How Laws Affect Behavior: Obligations, Incentives and Cooperative Behavior

36 Pages Posted: 25 May 2010

See all articles by Pietro Vertova

Pietro Vertova

Bocconi University

Roberto Galbiati

Department of Economics, Sciences Po-CNRS

Date Written: May 25, 2010


Laws and other formal rules are ‘obligations backed by incentives’. In this paper we explore how formal rules affect cooperative behaviour. Our analysis is based on a series of modified experimental public good games designed to isolate the impact of exogenously requested minimum contributions (obligations) from those of marginal incentives backing them. We find that obligations have a sizeable effect on cooperative behaviour even in absence of incentives. When non-binding incentives are introduced, requested contributions strongly sustain cooperation. Therefore, in contrast with cases in which incentives crowdout cooperative behaviour, in our experiments obligations and incentives are complements, jointly supporting high levels of contributions. Moreover, we find that variations in obligations affect behaviour even when incentives are held constant. Finally, we explore the behavioural channels of the previous results, finding that both people’s beliefs about others’ contributions and willingness to cooperate are called into play.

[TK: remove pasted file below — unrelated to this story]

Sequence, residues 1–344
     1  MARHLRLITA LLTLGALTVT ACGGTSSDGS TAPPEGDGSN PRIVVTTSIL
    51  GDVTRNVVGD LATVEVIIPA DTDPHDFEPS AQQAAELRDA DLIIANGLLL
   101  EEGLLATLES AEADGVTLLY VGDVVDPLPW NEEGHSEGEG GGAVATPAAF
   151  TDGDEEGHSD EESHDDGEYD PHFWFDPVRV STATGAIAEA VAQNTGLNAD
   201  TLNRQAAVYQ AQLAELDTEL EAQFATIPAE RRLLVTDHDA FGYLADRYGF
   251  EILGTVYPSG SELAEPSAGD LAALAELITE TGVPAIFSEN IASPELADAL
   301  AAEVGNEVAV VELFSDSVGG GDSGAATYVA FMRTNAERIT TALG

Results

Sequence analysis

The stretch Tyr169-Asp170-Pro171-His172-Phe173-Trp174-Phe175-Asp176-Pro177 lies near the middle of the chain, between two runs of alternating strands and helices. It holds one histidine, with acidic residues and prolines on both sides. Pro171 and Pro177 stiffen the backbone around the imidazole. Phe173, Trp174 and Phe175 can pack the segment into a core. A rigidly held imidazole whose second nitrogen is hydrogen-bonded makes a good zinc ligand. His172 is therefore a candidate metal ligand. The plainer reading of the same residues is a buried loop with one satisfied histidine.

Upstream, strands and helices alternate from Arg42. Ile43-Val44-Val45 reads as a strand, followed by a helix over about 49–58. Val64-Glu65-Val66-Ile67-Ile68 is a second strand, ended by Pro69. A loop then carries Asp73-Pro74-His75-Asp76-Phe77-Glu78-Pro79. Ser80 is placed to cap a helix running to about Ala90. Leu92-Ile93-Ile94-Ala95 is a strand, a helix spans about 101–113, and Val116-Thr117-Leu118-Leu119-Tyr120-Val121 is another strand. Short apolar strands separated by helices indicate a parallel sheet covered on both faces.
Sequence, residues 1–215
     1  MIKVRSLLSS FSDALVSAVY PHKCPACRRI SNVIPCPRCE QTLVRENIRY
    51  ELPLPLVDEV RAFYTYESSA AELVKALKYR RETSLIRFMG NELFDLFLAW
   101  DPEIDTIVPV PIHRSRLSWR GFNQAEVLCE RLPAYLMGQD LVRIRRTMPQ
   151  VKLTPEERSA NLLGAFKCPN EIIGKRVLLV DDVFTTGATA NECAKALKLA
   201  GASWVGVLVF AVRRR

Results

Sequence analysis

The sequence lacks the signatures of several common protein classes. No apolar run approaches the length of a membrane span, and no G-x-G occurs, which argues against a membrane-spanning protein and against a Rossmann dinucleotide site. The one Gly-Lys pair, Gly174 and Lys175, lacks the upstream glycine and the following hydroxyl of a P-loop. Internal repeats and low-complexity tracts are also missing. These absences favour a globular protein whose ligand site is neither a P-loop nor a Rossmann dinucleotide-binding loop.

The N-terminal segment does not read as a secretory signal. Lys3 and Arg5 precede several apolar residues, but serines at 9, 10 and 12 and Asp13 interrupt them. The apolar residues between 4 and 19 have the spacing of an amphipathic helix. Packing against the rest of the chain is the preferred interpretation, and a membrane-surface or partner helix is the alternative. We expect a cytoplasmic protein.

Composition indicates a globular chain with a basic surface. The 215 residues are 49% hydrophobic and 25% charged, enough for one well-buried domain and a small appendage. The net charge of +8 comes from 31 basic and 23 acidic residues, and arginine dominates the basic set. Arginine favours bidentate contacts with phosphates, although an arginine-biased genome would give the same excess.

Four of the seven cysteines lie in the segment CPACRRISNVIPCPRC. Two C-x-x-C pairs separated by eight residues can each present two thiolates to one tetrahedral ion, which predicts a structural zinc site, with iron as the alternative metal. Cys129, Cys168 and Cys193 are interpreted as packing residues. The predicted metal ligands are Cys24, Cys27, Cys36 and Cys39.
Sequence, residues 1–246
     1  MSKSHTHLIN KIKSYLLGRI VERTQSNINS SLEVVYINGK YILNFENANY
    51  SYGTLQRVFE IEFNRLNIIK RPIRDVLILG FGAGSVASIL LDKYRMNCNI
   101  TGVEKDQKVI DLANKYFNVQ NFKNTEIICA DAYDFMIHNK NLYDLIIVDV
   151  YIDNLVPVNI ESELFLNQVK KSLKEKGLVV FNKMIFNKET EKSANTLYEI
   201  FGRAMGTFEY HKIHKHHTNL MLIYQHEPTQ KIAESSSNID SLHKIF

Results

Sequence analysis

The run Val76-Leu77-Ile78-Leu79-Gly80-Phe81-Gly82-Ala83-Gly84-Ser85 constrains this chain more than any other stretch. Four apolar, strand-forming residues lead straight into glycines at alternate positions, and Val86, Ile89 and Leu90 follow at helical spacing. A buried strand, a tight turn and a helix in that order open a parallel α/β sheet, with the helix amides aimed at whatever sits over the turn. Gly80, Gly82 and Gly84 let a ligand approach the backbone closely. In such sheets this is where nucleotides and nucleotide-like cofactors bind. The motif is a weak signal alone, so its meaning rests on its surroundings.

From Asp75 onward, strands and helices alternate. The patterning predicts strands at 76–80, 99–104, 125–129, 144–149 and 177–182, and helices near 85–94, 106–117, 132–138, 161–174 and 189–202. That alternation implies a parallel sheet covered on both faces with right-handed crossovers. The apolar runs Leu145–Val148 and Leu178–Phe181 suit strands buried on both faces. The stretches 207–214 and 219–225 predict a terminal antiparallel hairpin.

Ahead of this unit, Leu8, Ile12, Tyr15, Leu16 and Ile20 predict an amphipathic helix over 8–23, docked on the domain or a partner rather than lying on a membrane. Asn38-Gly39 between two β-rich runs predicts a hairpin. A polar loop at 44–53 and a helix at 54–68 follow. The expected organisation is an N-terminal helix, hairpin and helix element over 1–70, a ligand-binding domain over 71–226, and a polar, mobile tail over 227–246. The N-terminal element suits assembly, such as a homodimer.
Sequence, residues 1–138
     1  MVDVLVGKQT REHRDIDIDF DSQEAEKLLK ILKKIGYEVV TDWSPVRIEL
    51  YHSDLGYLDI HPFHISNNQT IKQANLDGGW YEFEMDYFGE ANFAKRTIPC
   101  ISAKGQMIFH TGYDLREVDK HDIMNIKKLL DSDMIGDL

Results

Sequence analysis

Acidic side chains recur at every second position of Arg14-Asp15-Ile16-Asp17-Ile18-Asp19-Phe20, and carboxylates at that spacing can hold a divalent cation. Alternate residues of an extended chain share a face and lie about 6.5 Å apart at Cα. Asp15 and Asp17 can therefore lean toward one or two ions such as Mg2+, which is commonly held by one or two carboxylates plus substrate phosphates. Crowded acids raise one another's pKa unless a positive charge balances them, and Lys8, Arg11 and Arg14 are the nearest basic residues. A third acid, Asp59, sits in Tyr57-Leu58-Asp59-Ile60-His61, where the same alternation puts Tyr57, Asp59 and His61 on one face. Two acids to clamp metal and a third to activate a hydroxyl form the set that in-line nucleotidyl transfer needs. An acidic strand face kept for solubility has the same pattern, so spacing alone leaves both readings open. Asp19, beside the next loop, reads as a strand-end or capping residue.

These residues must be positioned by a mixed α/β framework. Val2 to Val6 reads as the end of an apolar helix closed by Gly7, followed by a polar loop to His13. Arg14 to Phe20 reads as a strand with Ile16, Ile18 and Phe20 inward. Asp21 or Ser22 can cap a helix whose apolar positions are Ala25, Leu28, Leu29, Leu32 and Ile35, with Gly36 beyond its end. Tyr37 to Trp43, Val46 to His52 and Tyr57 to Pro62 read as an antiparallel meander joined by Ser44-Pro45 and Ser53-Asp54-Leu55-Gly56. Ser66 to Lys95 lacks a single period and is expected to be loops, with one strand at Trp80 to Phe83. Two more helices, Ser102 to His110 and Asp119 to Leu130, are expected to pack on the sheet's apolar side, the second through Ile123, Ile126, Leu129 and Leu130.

Suggested Citation

Vertova, Pietro and Galbiati, Roberto, How Laws Affect Behavior: Obligations, Incentives and Cooperative Behavior (May 25, 2010). Available at SSRN: or

Pietro Vertova

Bocconi University ( email )

Via Sarfatti, 25
Milan, MI 20136

Roberto Galbiati (Contact Author)

Department of Economics, Sciences Po-CNRS ( email )

28 rue des saints peres
Paris, 75007

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